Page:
The Press and Journal (Inverness, Highlands, and Islands)
Young carer’s challenge
● Chantelle gives insight to new demands presented by lockdown
An Aberdeen teenager has opened up about the challenges of being a carer for her mother during lockdown.
Chantelle Booth admitted it had been “challenging” but has learnt to adapt to a new normality, while also finding some time to develop her own hobbies.
Aberdeen Young Carers Service is a joint initiative between Barnardo’s Scotland and Aberdeen City Council – it was the first of its kind in the north-east.
The service has been supporting young carers who are experiencing added pressure.
Chantelle, 17, said: “It is more isolating and there isn’t as much freedom to get out. Lockdown has helped me realise more hobbies. I was always at home – it has pushed me to go out on walks more and enjoy nature and I’ve also been doing art.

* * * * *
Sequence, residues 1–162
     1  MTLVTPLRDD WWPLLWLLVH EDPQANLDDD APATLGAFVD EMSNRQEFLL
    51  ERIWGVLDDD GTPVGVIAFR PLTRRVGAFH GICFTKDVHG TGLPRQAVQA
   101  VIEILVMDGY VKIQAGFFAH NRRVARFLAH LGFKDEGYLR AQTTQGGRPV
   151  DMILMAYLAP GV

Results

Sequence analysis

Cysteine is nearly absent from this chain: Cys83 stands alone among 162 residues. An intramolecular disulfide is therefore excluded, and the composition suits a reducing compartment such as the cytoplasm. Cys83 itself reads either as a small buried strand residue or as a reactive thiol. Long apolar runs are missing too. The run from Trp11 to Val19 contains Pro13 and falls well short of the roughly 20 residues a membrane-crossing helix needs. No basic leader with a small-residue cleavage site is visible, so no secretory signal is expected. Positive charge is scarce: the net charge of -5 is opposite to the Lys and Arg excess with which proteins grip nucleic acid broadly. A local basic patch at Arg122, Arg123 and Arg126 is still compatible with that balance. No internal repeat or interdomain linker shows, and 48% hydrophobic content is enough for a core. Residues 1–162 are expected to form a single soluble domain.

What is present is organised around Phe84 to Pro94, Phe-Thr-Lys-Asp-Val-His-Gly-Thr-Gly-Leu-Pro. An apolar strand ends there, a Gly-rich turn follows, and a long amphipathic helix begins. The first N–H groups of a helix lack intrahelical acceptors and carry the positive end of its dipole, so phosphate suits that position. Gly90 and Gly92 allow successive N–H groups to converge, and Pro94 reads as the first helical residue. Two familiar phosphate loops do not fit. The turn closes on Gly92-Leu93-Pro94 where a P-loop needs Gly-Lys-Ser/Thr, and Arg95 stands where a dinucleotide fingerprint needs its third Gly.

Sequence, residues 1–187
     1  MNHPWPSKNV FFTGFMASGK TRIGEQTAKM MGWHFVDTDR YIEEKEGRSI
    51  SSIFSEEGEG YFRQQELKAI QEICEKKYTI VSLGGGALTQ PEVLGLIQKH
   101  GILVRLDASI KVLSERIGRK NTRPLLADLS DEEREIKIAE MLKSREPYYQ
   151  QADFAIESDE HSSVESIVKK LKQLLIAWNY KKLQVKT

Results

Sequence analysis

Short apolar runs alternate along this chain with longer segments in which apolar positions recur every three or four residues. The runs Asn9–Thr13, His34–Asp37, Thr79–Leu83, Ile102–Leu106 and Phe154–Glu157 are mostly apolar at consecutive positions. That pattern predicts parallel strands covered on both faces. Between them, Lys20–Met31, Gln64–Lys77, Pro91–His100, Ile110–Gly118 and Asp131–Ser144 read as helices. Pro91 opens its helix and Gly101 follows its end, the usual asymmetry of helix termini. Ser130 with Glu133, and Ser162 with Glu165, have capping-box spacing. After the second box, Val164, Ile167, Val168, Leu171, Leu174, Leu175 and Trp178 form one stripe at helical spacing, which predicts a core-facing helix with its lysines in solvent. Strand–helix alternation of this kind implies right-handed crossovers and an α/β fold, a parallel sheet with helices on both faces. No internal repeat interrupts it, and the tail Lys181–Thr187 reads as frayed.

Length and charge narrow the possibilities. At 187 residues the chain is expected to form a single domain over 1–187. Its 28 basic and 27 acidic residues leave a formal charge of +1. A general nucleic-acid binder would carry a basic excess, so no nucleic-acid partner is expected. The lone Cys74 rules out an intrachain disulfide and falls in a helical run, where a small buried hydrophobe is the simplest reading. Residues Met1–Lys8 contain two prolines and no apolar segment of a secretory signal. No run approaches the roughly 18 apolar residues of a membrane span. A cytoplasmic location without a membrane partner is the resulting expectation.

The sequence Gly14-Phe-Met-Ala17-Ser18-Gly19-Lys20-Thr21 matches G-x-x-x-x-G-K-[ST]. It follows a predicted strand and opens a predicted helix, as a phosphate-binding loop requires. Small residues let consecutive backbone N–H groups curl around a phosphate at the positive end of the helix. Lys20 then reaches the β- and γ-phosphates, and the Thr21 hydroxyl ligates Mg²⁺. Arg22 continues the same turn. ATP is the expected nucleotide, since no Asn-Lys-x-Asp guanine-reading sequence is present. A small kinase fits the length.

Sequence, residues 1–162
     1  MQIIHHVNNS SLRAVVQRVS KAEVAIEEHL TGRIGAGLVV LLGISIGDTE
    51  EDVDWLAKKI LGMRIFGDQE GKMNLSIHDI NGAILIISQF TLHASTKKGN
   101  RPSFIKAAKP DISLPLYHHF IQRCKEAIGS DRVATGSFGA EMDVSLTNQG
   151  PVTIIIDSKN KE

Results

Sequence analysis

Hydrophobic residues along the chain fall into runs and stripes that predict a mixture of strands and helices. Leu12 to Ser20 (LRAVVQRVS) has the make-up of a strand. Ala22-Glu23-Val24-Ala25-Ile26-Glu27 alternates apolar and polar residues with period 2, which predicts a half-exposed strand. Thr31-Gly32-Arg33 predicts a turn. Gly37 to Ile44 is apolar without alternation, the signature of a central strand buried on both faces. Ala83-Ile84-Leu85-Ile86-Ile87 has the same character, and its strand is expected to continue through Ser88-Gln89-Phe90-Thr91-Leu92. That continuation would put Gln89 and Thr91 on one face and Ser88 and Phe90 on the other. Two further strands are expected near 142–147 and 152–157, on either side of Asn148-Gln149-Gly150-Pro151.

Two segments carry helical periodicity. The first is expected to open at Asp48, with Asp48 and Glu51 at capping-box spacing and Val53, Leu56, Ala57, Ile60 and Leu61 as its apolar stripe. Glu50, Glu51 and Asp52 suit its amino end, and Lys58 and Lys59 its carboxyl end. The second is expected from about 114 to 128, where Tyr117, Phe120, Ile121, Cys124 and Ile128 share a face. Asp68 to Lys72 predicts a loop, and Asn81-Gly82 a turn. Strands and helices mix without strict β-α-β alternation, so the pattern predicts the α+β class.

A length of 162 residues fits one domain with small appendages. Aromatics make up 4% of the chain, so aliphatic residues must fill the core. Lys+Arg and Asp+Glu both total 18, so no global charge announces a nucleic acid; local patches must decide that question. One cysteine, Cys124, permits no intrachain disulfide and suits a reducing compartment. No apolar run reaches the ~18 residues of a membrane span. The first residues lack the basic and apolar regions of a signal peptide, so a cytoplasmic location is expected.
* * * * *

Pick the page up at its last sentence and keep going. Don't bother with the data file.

“You need to be in a good mind yourself to give care to another person.”
The St Machar Academy pupil was a child when she began caring for her mother but was identified as a young carer two years ago.
There is a range of support available to ensure the health of young carers and the team has noted a significant increase in referrals since lockdown.
They were all offered phones to maintain vital face-to-face contact and a well-being fund was created to help with increased electricity bills, food shops and travel to supermarkets. Food parcels for those with dietary needs were also made up.
Socially-distanced support meetings have also taken place, along with Zoom calls. Board games and arts and crafts have also been distributed to keep carers occupied.
Support worker Lisa McCulloch said: “The school closures have been an added stress and we’re aware that with the school holidays starting in two weeks referrals have increased. We really need to support young carers.”
“You need tobeina good mind yourself”